On the right of this page are a couple of pictures of a 1955 Studebaker truck that we just finished. Note the ’92 Cadillac tail-lights we added. Sadly, it is not one that will be returning to the UK with us next year as we just sold it recently; however, we’ve also just this week started on the ‘57 Mercury colony park station wagon project and hopefully that will be coming to the UK with us. As you can see it is well under way, although we have changed course with our original plans somewhat; we decided not to use a 460 from a Mark III Lincoln as we had intended, in part because it was way too nice a car to use as a donor and I was afraid of going to old car hell if I destroyed it!
Also I got to thinking about the seven-quida-gallon gas back home and the 460’s 10 mpg, instead have decided to use a throttle body fuel injected 350 and 700R4 transmission from a low mileage ’92 Buick Roadmaster sedan. We’ve driven Roadmaster wagons as our everyday drivers for 20 years and their power dependability and fuel economy is hard to beat. I may even use the whole front stub with the disc brakes and correct cross member and everything.
The 57 Colony Park wagon is coming along nicely so far: I have the motor and transmission fully installed and all the fuel injection and electronics finished and got it fired up the other day. So another two or three weeks and it should be ready to hit the highways of Missouri! (and soon after that the motorways of England!).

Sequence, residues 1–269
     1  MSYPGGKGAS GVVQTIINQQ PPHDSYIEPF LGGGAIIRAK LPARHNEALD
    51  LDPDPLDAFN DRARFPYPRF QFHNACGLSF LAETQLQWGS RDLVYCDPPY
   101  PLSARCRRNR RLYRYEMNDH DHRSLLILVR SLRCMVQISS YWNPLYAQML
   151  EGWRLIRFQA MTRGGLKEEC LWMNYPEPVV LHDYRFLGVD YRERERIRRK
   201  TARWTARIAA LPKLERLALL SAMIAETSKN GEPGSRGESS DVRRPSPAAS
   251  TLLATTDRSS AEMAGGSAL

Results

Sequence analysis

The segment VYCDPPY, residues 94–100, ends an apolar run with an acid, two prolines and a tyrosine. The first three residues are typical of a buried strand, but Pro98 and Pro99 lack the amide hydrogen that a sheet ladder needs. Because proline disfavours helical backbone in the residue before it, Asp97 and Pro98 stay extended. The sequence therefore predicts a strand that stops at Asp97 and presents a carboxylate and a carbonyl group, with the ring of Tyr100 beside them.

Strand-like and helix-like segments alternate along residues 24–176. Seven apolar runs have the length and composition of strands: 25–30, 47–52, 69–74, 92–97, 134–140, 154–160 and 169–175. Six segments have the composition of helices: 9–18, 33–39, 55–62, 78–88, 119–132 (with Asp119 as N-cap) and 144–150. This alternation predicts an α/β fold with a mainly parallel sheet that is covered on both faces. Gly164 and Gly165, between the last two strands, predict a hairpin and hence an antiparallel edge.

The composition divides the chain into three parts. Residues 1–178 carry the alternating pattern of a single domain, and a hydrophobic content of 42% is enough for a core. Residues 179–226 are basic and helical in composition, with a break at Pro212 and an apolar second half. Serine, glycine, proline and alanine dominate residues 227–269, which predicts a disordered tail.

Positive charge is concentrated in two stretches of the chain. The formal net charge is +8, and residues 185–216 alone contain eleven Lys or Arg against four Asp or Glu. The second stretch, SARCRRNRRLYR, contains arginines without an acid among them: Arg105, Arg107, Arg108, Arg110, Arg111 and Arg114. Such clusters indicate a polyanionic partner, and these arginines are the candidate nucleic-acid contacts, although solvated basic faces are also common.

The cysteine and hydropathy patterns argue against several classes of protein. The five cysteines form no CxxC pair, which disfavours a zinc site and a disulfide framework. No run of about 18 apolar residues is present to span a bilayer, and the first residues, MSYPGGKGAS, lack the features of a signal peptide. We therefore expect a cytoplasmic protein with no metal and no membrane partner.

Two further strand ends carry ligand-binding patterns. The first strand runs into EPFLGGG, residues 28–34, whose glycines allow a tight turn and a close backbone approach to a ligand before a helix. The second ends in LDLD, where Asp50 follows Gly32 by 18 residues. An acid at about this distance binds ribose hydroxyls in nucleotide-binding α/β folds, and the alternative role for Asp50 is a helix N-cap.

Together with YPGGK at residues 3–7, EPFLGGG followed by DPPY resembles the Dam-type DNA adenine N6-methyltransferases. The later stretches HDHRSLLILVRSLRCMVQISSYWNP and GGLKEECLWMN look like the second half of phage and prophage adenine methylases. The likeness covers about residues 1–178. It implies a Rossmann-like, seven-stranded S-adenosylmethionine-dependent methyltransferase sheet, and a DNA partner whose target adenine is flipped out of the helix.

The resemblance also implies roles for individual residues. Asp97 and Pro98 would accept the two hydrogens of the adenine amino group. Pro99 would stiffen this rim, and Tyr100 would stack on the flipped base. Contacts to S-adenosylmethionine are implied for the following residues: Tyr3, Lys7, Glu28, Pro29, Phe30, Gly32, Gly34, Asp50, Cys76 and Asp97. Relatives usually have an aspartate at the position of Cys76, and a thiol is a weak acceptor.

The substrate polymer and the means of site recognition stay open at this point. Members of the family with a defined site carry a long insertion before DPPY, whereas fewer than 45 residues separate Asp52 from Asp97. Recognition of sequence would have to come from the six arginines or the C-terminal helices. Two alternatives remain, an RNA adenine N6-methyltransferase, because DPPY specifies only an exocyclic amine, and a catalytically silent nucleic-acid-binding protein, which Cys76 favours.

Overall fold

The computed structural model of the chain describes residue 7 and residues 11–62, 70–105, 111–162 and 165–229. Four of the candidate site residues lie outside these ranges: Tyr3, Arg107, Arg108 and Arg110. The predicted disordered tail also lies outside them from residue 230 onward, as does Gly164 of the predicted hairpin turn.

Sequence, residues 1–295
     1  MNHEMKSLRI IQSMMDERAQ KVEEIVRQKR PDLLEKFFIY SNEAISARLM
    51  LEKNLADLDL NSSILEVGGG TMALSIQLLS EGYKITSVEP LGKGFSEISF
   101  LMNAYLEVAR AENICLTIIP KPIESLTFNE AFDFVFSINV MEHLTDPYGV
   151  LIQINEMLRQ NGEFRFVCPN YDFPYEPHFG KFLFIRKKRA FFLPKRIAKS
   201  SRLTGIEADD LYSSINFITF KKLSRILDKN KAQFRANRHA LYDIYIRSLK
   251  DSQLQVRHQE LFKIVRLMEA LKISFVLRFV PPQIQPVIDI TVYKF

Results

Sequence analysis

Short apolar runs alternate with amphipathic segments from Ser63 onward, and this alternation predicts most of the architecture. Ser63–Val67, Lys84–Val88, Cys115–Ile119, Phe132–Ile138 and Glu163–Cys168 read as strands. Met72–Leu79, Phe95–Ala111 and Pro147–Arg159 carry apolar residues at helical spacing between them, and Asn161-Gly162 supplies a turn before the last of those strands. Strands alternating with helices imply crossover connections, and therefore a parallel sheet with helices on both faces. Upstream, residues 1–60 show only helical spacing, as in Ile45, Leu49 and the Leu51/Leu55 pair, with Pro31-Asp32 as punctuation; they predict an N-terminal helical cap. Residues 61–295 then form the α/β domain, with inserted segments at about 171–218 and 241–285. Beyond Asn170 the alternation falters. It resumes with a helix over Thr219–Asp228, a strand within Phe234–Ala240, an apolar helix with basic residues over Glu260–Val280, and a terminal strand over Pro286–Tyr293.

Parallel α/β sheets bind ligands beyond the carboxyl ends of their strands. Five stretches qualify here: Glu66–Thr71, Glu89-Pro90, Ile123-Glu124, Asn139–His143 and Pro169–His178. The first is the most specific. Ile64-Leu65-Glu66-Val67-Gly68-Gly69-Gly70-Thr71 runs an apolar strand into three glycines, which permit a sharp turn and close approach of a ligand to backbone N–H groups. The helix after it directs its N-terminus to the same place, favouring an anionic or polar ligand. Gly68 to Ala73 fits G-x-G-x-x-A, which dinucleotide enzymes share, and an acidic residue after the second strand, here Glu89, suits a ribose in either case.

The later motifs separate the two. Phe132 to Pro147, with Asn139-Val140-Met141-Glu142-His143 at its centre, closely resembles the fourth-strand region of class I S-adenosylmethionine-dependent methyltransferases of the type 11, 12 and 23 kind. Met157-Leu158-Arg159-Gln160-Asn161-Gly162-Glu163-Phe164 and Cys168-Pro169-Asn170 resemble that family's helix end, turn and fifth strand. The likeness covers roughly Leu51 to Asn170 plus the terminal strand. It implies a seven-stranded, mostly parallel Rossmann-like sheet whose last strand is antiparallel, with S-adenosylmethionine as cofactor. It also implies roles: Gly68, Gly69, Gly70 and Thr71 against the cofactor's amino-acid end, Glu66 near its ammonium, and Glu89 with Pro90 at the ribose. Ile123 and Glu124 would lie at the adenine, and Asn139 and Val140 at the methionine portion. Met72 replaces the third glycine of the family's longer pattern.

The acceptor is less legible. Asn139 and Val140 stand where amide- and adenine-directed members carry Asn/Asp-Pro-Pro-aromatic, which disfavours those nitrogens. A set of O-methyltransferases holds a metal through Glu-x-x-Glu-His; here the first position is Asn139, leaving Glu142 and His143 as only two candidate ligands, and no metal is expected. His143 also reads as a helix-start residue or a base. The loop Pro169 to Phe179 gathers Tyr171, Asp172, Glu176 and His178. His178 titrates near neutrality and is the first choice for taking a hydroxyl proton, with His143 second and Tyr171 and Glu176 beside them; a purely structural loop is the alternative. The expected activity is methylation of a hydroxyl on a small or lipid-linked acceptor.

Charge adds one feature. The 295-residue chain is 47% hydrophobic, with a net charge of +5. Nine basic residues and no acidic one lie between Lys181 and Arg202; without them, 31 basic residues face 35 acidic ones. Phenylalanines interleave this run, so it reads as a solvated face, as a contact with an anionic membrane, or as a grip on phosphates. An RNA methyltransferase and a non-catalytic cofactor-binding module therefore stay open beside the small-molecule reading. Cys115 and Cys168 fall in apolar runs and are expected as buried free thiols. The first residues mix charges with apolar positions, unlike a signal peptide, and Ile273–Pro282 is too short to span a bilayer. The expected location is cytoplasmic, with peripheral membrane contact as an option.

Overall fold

What’s written here barely begins to scratch the surface in terms of the cars that we have been lucky enough to own and the adventures we have had in the now 23 years we have lived in the States. The one thing that really sticks in our minds even more than the terrific cars that we have both seen and enjoyed is the amazing people we have met along the way in this wonderful hobby that everyone reading this enjoys. The classic American car hobby would not exist without the people who drive these amazing art exhibitions on wheels to every show and cruise night. Sadly our life in America appears to be coming to a close as, for a variety of reasons, my wife and I are considering a move back to the UK, so it is possible you will soon spot one or two of the cars I have written about here on the streets of our homeland in the not-too-distant future!